Mapping Colonial New England in Manuscript and Print

Mapping Colonial New England in Manuscript and Print
An illustrated talk with Professor Matthew Edney,
Faculty Scholar Osher Map Library

Tuesday, September 26, 2023
5:30 – 8:30 pm

You are invited to our Fundraiser to benefit preservation of the Tate House, generously hosted by Osher Map Library and Smith Center for Cartographic Education. Guests will have the opportunity to privately view rare historic maps and globes from the library’s collections guided by Professor Matthew Edney, Osher Chair in the History of Cartography. Professor Edney will cap off the evening with an entertaining and informative talk, “Mapping Colonial New England in Manuscript and Print.” This illustrated lecture will explore the complex interplay involved in the mapping of colonial New England among politicians, administrators, military officers, scholars, land owners, and the public on both sides of the Atlantic.

The event features a wine and cheese reception with expansive views of Portland from the 7th floor of Glickman library followed by map and globe viewing, and culminates with the mapping lecture and a dessert reception.

Supporters can buy raffle tickets online or in person to win one of two reproduction prints (click on the “Tickets” button below). The first is A Plan of Ancient Portland (then known as Falmouth) ~ Circa 1688 ~ With Additions of Later Points of Historic Interest by Ray Gailey. Engraved by James H. Gallagher and published by R. H. Gailey in 1946, this map comes in a handsome period-style frame and depicts early Portland, South Portland, Cape Elizabeth, and the island of Casco Bay. The second is “Night,” a charming and whimsical engraving by William Hogarth. First published in 1738 as part of a four-part series, The Four Times of Day, “Night” is a caricature depicting the chaos-filled city streets of London after dark. This print comes with a $100 gift certificate that can be used toward framing.

  • 5:30-7:00 Wine and cheese reception and viewing of Osher Map Library Exhibit

  • 6:00 – 7:00 pm Private viewing of OML’s colonial manuscript and printed maps, and premier historic globe collection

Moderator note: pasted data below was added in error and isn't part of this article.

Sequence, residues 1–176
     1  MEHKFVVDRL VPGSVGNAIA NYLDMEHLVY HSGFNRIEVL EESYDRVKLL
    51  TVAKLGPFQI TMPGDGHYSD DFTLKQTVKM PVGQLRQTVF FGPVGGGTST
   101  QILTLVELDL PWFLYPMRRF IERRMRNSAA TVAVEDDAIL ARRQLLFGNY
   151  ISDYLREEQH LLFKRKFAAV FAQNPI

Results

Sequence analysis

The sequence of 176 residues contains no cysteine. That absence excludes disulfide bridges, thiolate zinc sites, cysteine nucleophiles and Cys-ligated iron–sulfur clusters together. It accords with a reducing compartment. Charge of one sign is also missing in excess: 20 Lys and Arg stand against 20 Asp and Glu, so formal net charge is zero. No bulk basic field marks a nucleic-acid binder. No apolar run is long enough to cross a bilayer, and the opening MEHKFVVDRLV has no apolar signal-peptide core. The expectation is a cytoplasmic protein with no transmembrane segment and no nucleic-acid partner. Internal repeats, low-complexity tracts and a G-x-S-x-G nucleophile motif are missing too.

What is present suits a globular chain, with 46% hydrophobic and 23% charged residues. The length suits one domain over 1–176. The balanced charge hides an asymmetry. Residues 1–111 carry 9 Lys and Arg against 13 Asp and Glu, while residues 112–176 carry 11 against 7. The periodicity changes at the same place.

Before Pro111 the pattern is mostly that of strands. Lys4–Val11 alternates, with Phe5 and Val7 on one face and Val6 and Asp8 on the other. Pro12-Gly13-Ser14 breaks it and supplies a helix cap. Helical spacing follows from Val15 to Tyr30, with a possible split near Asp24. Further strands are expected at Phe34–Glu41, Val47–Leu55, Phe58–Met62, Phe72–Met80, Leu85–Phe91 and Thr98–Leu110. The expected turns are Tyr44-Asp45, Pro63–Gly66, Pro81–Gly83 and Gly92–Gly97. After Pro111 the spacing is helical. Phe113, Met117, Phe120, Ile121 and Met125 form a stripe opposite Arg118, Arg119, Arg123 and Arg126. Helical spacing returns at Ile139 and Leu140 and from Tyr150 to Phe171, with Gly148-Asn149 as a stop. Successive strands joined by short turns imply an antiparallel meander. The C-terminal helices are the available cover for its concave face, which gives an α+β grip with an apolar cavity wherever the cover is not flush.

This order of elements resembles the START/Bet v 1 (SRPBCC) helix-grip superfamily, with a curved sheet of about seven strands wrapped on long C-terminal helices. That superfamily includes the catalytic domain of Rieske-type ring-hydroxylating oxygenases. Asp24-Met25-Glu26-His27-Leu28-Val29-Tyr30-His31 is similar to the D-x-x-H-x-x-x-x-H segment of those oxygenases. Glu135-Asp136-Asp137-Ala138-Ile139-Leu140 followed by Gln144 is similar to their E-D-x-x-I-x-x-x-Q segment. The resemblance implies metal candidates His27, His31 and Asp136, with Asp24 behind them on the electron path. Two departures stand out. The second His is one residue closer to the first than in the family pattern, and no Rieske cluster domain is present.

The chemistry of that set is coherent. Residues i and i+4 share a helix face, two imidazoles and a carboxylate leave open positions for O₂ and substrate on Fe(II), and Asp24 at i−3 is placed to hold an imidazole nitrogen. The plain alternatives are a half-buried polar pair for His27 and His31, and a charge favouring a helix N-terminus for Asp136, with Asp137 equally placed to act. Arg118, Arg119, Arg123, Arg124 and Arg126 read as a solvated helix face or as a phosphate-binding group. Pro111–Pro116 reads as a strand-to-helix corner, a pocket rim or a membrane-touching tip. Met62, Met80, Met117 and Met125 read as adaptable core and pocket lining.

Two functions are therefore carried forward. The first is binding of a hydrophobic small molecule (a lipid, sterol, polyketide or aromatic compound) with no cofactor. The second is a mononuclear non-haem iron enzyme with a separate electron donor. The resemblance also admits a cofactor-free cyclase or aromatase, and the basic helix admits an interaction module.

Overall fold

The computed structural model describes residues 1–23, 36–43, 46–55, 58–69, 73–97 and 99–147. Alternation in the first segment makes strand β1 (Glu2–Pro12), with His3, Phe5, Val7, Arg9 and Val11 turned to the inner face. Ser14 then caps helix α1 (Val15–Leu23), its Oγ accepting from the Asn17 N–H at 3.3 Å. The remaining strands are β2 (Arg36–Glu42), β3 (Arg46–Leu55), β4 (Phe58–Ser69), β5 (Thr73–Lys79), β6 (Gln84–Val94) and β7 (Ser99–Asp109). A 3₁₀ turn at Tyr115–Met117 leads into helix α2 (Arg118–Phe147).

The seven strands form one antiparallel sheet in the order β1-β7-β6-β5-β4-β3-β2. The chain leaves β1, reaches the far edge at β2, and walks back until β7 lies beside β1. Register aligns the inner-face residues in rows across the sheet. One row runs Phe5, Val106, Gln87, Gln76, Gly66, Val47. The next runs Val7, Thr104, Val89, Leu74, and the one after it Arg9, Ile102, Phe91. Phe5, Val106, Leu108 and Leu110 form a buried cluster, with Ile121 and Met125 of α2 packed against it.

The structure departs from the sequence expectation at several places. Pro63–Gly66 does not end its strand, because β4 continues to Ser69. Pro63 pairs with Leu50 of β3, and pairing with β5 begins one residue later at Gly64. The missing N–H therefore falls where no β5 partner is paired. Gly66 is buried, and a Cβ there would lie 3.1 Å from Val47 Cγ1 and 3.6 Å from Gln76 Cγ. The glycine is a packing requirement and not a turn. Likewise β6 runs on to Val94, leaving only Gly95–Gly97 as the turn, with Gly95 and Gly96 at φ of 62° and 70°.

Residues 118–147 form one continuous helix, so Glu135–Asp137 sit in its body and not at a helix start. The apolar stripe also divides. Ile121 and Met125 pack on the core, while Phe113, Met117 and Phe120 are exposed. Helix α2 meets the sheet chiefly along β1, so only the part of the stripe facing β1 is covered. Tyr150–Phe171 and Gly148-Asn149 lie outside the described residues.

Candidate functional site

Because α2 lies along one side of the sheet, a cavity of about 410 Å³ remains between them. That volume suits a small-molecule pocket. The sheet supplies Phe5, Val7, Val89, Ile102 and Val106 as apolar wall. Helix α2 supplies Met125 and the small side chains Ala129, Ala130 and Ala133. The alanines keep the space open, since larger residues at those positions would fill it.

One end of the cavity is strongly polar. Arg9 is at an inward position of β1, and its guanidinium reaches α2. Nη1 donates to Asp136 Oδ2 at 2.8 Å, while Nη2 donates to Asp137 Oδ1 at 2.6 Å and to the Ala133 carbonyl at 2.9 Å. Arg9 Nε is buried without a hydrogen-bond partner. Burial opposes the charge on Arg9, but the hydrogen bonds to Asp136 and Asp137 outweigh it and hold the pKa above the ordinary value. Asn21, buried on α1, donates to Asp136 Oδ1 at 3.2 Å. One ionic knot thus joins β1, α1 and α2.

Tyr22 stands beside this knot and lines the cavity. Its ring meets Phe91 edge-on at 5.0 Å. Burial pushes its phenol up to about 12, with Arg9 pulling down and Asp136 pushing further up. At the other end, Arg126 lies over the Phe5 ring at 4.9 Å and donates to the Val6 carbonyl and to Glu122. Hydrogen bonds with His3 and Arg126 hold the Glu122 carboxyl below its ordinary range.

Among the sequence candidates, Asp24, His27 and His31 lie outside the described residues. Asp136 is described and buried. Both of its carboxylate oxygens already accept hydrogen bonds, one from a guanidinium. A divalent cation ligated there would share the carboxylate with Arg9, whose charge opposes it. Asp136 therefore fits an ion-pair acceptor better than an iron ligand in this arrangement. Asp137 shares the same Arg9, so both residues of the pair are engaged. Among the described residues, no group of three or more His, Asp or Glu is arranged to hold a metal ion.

• 7:00 – 8:30 pm Illustrated talk by Prof Edney with dessert reception on the 7th floor 7th floor of the Glickman Library with expansive views of Portland

Tickets $75 per person



About the lecture:

The regional mapping of colonial New England entailed a complex interplay of mapping in manuscript and print for several sets of politicians, administrators, military officers, scholars, land owners, and the public on both sides of the Atlantic. This illustrated lecture uses several case studies to explores some of the reasons for mapping the English colonies in New England, between 1630 and 1765, and why some manuscript maps ended up being printed: William Wood’s 1634 “experimental” map; William Hubbard’s 1677 map, the first map printed in North America; the map in Cotton Mather’s Magnalia Christi Americana (1720), maps for colonial boundary disputes; and William Douglass’s ill-fated wall map of 1753. The lecture draws on the holdings of the Osher Map Library and Smith Center for Cartographic Education at the University of Southern Maine, the Maine Historical Society, the rare book libraries at Harvard, Brown, and Yale universities, the Library of Congress, the British Library, and the National Archives of the United Kingdom.

About the speaker:

Speaker imageMatthew H. Edney was born and raised in the United Kingdom. He read geography at University College London (B.Sc. hons. 1983) and then cartography (M.S. 1985) and geography (Ph.D. 1990) at the University of Wisconsin–Madison. He came to the University of Southern Maine in 1995 to serve as faculty scholar in the Osher Map Library and Smith Center for Cartographic Education, in which role he has long focused on studying the history of mapping of Maine and New England. He was appointed to the Osher Chair in the History of Cartography in 2007. In 2005, he had also appointed director of the History of Cartography Project at UW, for which he edited, with Mary Pedley, Cartography in the European Enlightenment (Chicago, 2019), Volume Four of The History of Cartography. Prof. Edney’s research has increasingly focused on the unique circumstances underpinning the movement of maps among users and consumers, especially in tracking which maps were printed and which were not. He will be speaking on aspects of this current work as they relate to colonial New England.


We will also auction a facsimile of a rare antiquarian map by Cyprian Southack of Casco Bay from 1720. Please visit our online auction to bid on this special item.



Sep 26 2023


5:30 pm - 8:30 pm

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